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I am writing a Cocoa application that I keep adding buttons, views, and layers to. However, because of all these additions my appdelegate class has become rather big and difficult to read. I therefore decided to move some of the UI related calls to other classes from the appdelegate. However, it seems UI calls have to be done only on the main thread, and (correct me if I am wrong) from the appdelegate. My experiment to move calls into other classes also made me run into difficulties on making sure everything was performed correctly on the main thread. So, all of my UI calls are still called from the appdelegate class.

My questions is how can I improve the design of my application? Can I call the UI from other classes than the appdelegate in a way that avoids problems with threading? Can I split the appdelegate class into severeal files, one for buttons, one for views etc., or is there a better way to design the application? Any suggestions on links to examples or tutorials/books are greatly appreciated.

Thanks everyone. Cheers, Trond

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Since you tagged this with Cocoa, I'm assuming you're working on the Mac, right? – Itai Ferber Jul 18 '11 at 12:46
Yes. I should have made it more clear that I am working on the Mac. – Trond Kristiansen Jul 18 '11 at 14:30
AppKit does not care what you do or do not do from the application object's delegate. The only things that must be in a given object's delegate are the methods of its delegate protocol—and even then, usually only some of them (notification methods can be implemented anywhere). View drawing code should be in a view (never draw into a view from another object). Aside from those, there are no requirements that any given kind of code should be in any particular class. – Peter Hosey Jul 18 '11 at 14:37
And I want to stress my use of the phrase “application object's delegate”, in preference to “app delegate”. There is no such thing as “app delegate” as a crown that confers upon the wearing object some special status above any other objects. The “app delegate” is simply the object that is the delegate of the application object. In almost all applications, the application object's delegate should be the least important object. – Peter Hosey Jul 18 '11 at 14:40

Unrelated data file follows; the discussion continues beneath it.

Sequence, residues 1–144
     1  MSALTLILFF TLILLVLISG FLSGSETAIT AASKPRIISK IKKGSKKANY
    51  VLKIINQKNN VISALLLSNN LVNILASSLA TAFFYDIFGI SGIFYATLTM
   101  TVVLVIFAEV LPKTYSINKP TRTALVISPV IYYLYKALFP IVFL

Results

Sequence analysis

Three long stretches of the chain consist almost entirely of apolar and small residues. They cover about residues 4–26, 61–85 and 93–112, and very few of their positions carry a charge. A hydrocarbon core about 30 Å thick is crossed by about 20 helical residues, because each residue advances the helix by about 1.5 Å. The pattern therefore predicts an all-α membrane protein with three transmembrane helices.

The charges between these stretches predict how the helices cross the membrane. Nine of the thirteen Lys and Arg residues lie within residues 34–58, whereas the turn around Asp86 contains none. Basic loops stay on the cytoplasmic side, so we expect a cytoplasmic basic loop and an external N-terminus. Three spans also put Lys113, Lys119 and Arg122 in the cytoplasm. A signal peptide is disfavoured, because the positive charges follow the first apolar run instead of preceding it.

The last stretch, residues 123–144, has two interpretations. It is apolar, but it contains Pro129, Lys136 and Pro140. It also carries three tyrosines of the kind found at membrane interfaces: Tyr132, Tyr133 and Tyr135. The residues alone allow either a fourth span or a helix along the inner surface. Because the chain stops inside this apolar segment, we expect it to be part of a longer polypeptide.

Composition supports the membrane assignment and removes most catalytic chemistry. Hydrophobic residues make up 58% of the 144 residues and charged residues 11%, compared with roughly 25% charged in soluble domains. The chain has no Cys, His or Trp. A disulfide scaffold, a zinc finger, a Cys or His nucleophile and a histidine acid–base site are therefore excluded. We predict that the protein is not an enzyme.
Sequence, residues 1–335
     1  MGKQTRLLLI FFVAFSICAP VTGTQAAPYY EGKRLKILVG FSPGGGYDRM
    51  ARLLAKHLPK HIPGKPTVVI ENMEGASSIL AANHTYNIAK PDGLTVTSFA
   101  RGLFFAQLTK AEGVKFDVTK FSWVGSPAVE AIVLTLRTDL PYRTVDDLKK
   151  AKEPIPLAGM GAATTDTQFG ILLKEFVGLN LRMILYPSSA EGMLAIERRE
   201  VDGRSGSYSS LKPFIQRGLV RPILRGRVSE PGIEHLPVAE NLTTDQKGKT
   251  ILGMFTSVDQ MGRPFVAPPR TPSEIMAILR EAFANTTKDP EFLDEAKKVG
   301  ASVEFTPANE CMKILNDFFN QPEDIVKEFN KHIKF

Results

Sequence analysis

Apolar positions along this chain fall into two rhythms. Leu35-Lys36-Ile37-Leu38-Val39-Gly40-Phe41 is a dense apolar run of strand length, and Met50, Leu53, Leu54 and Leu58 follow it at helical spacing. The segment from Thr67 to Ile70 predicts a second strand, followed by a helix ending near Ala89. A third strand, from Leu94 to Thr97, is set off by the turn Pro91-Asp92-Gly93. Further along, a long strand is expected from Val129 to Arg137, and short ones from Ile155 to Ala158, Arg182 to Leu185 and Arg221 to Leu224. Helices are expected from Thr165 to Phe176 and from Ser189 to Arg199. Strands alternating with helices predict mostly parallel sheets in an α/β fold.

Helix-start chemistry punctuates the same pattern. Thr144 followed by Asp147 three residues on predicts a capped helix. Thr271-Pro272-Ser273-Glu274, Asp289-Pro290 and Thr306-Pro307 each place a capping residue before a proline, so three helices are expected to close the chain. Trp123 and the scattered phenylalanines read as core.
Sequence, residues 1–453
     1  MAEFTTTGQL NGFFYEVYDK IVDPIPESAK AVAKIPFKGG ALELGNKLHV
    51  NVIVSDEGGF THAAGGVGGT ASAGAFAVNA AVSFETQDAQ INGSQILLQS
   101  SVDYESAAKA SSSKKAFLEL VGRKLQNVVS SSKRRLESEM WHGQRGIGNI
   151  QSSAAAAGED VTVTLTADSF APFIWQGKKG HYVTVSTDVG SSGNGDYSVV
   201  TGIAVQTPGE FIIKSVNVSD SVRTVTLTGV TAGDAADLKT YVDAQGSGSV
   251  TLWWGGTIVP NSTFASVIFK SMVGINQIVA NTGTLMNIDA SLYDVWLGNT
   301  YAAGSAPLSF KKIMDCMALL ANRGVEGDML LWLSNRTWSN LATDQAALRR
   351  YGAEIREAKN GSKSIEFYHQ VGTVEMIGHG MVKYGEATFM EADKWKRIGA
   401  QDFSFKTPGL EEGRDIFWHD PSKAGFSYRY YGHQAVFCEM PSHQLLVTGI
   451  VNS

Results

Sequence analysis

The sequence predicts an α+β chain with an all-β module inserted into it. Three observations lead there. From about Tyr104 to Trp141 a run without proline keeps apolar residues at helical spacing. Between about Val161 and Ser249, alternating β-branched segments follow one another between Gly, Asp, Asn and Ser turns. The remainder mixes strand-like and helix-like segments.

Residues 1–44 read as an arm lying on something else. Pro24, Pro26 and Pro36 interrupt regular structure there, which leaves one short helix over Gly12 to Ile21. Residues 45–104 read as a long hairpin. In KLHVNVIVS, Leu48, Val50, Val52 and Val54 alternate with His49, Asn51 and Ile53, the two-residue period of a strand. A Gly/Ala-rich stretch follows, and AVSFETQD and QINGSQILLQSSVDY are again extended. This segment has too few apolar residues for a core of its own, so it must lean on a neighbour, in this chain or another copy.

up vote 4 down vote accepted

Cocoa is based heavily on the Model-View-Controller architecture. There is some really great reading on how to use this pattern in Cocoa in the Cocoa Design Patterns reference. Basically, you want to have as little UI code in the app delegate as possible. The app delegate should be responsible only for app-level control, if possible. It's much better to put UI controller code in separate controller classes. The MVC architecture leads you down the right path; Cocoa provides the views, you write your model classes—the "business" logic of your app—and then use a view controller to coordinate the two.

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UI calls need to be done from the main thread, that part is correct. However, you don't need to do them from the app delegate. You can do them everywhere you like, as long as it's done on the main thread.

Now, some UI things can be done on other threads but AFAIK UIKit is not designed to be thread-safe and thus strange things and crashes may occur.

There's nothing wrong with splitting things off into other specialized classes. I do it all the time. You might want to introduce a single object that stores and manages states and maybe gives access to your specialized "controllers".

Have a look at UIViewController and what it offers you, if you can split your app into "pages" this might be the way to go.

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The question is about Cocoa, not Cocoa Touch. UIKit is not relevant here. Everything you said is true about AppKit, though, up until the last paragraph. – Peter Hosey Jul 18 '11 at 14:32
@Peter Hosey: You're right, my brain somehow smuggled in a "Touch". Thanks for pointing that out. – DarkDust Jul 18 '11 at 14:54
My non-touch Cocoa is a bit rusty, but replacing "UIViewController" and "pages" with "NSWindowController" and "windows" probably makes even the last paragraph applicable. – nevyn Jul 18 '11 at 21:46

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